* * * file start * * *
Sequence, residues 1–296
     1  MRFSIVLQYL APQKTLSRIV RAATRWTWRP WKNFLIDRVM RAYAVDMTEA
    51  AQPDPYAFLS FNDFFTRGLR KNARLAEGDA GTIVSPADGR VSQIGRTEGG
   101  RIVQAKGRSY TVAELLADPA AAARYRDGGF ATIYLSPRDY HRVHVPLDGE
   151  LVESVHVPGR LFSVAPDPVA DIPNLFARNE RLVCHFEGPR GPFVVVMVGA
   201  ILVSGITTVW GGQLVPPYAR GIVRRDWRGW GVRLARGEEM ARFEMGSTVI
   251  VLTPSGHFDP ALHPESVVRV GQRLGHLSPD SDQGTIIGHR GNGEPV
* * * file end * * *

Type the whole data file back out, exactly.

Sequence, residues 1–296
     1  MRFSIVLQYL APQKTLSRIV RAATRWTWRP WKNFLIDRVM RAYAVDMTEA
    51  AQPDPYAFLS FNDFFTRGLR KNARLAEGDA GTIVSPADGR VSQIGRTEGG
   101  RIVQAKGRSY TVAELLADPA AAARYRDGGF ATIYLSPRDY HRVHVPLDGE
   151  LVESVHVPGR LFSVAPDPVA DIPNLFARNE RLVCHFEGPR GPFVVVMVGA
   201  ILVSGITTVW GGQLVPPYAR GIVRRDWRGW GVRLARGEEM ARFEMGSTVI
   251  VLTPSGHFDP ALHPESVVRV GQRLGHLSPD SDQGTIIGHR GNGEPV